17. Dr. Gunther testified that 1% of people will have an inflammation of the stomach from taking Lyrica. He testified that since the Claimant’s stomach was known to be sensitive that he tries to do all he can to relieve her of these problems. Dr. Gunther’s clinical opinion is that without taking Protonix, the Claimant would have stomach distress while taking Lyrica and Darvocet. In other words, he found Protonix was a necessary and reasonable medication for the Claimant and related to her work injury.
18. Dr. Verne Backus, an Independent Medical Examiner and expert, testified that he had performed a permanency rating for the Claimant. He did not believe that Darvocet would cause stomach acid due to its being absorbed below the stomach into the intestines. He did acknowledge that stomach pain and nausea can be experienced by taking Darvocet.
19. Dr. Backus testified that he did not believe that Lyrica would cause an increased production of stomach acid. Proton pump inhibitors such as Protonix address the production of acid in the stomach.
20. Dr. Richard Levy, a Board certified neurologist, also testified regarding the use of Darvocet, Lyrica and Protonix. Dr. Levy has been in practice for 26 years. He testified that he never prescribes proton pump inhibitors to counter the effects of Darvocet or Lyrica. He did say, however, that it would be prudent to relieve patients of their stomach symptoms and that Darvocet can make some people nauseous.
21. However, Dr. Levy testified that nausea is an activation of the brain and stomach upset accompanies nausea. He acknowledged that stomach upset is in part due to the increase of stomach acid and that Protonix relieves symptoms from increased stomach acid.
22. Both Dr. Levy and Dr. Backus testified that they do not believe Lyrica and Darvocet cause the need for Protonix to be prescribed.
CONCLUSIONS OF LAW:
1. Under Vermont’s Workers’ Compensation Act, the injured worker has the burden of proving entitlement to the benefits claimed. See Goodman v Fairbanks, Morse & Company, 123 Vt. 161 (1962) generally. This burden of proof extends to demands for medical treatment. See Raymond v. Grand Union Stores of Vermont, Opinion No. 13-99 WC (March 24, 1999).
2. In determining whether a medical treatment is necessary and reasonable, the Department has found the most decisive factor to be what is shown to reasonably relieve symptoms or restore functioning capacity through expert testimony. See McGraw v Numanco, Inc. Opinion No. 48-02WC (November 29, 2002).
3. When weighing credibility of expert witness opinions, the Department has a five part test including the following factors: (1) the relationship between the injured worker and the medical expert; (2) the thoroughness of the expert’s evaluation or review; (3) the objective support of the expert’s opinion, (4) the expert’s qualifications and (5) whether the expert was aware of the pertinent facts when rendering his or her opinion. Miller v Cornwall Orchards, Op. No. 20-97 WC (1997).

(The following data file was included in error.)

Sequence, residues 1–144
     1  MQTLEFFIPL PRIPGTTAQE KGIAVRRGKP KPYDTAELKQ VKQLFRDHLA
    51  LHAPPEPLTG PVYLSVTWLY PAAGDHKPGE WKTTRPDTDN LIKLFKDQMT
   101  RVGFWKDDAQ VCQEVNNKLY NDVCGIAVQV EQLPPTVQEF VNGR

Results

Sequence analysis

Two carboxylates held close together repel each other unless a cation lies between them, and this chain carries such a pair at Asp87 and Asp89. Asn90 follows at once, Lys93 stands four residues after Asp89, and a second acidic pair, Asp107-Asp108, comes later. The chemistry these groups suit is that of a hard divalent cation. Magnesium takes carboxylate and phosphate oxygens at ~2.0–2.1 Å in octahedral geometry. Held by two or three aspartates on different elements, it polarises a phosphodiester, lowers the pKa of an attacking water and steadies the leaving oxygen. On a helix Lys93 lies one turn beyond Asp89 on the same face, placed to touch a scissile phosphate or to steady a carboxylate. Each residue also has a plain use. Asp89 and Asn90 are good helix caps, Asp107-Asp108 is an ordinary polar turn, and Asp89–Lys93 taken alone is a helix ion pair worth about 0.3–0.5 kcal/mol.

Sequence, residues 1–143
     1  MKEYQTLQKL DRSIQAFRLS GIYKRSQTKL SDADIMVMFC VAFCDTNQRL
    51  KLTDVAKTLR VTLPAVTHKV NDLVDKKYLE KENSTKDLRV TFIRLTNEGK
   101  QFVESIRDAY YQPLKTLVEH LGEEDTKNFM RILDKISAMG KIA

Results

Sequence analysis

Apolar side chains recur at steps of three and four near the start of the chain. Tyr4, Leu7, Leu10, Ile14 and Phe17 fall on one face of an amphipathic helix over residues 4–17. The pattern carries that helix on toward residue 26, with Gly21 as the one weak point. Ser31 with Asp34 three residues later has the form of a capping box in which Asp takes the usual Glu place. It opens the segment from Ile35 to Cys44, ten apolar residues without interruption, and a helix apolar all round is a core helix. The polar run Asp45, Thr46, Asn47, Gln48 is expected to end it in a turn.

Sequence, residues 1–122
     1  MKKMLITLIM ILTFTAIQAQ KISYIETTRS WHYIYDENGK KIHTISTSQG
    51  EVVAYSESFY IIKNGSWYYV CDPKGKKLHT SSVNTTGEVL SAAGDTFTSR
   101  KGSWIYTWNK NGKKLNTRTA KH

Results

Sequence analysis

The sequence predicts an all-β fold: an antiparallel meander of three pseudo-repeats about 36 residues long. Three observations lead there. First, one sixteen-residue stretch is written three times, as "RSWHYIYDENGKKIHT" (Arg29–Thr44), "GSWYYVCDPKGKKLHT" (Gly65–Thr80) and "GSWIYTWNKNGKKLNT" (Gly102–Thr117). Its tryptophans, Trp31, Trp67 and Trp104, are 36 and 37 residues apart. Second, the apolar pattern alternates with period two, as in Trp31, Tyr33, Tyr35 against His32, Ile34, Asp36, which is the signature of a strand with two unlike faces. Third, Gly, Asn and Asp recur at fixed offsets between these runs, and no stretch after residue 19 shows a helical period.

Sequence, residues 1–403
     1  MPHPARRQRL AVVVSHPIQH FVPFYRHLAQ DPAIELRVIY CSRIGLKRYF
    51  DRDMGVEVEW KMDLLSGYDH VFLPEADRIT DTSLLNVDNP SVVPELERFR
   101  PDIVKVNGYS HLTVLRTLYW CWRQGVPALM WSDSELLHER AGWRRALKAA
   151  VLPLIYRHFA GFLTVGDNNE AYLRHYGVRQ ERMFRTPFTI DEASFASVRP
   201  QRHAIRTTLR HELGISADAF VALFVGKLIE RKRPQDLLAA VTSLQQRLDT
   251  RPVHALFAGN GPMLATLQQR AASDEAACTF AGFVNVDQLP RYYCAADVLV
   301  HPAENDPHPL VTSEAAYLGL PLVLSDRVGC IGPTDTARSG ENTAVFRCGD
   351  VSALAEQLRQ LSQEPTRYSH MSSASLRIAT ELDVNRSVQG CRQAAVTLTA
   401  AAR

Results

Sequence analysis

4. Dr. Peter Gunther, who has excellent credentials, has had a close treating physician relationship with the Claimant for almost 20 years. He has the most knowledge about the Claimant and her medical history from a treating physician perspective. He did a thorough evaluation of her condition and tried other medications before deciding on Protonix. He knows that it has helped his patient tolerate the other medications she takes for her work related pain. Dr. Gunther was also aware of all of the pertinent facts when he gave his opinion.
5. Neither Dr. Levy nor Dr. Backus had a prior relationship with the Claimant. They did have experience working with the medications in question but not with this particular Claimant. They are both qualified doctors and have testified as experts previously in many workers’ compensation cases. Both doctors did acknowledge that nausea is a side effect of Darvocet. Dr. Levy did state that nausea can increase stomach acid. We know from expert testimony that the medication Protonix helps patients from experiencing distress from excess stomach acid. Thus, there is some causal link between at least one of the drugs prescribed for the Claimant’s work injury and Protonix.
6. In this case, the trier of fact finds the treating physician as the most credible. Dr. Gunther testified to a degree of medical certainty that the medication Protonix or another proton pump inhibitor was reasonable and necessary for the Claimant’s work related injuries in that it enabled her to take her pain medication to increase her function and relieve pain. Dr. Gunther is the only doctor who knows the patient well and is aware of how delicate her stomach is and how she reacts to medication. Even if her stomach problems preceded her work injury, she still cannot tolerate the medications for her work injury without Protonix or a proton pump inhibitor according to Dr. Gunther.
7. Although neither Dr. Backus nor Dr. Levy agreed that Lyrica and Darvocet were likely to be the cause of the Claimant’s stomach distress, expert testimony was provided that it was possible for at least one of these drugs to produce stomach acid.
8. The Department finds that the Claimant has met her burden of proof and awards her medical benefits to pay for all medical costs associated with the use of a proton pump inhibitor medication plus interest from the date the costs were incurred following her work related injury.
9. Attorney’s fees in this case will also be awarded. Although there were originally three medications involved in the claim, the Defendant did not agree that two of them were medically necessary and therefore, compensable until the date of the hearing. Therefore, the Claimant’s attorney had to be prepared to address all three medications and should be paid accordingly. Thus, full attorney’s fees will be awarded plus costs.
The Defendant is ordered to adjust the Claim as follows;
1. Pay all medical costs for the use of Protonix or a comparable proton pump inhibitor medication ordered by Claimant’s physician plus interest from the date the costs were incurred.
2. Pay attorneys fees in the amount of $90.00 per hour for 26.9 hours and costs in the amount of $1,463.42.
DATED at Montpelier, Vermont this 9th day of May 2008. __________________________
Patricia Moulton Powden
Within 30 days after copies of this opinion have been mailed, either party may appeal questions of fact or mixed questions of law and fact to a superior court or questions of law to the Vermont Supreme Court. 21 V.S.A. §§ 670, 672.
J. T. v. Fletcher Allen Health Care (May 9, 2008)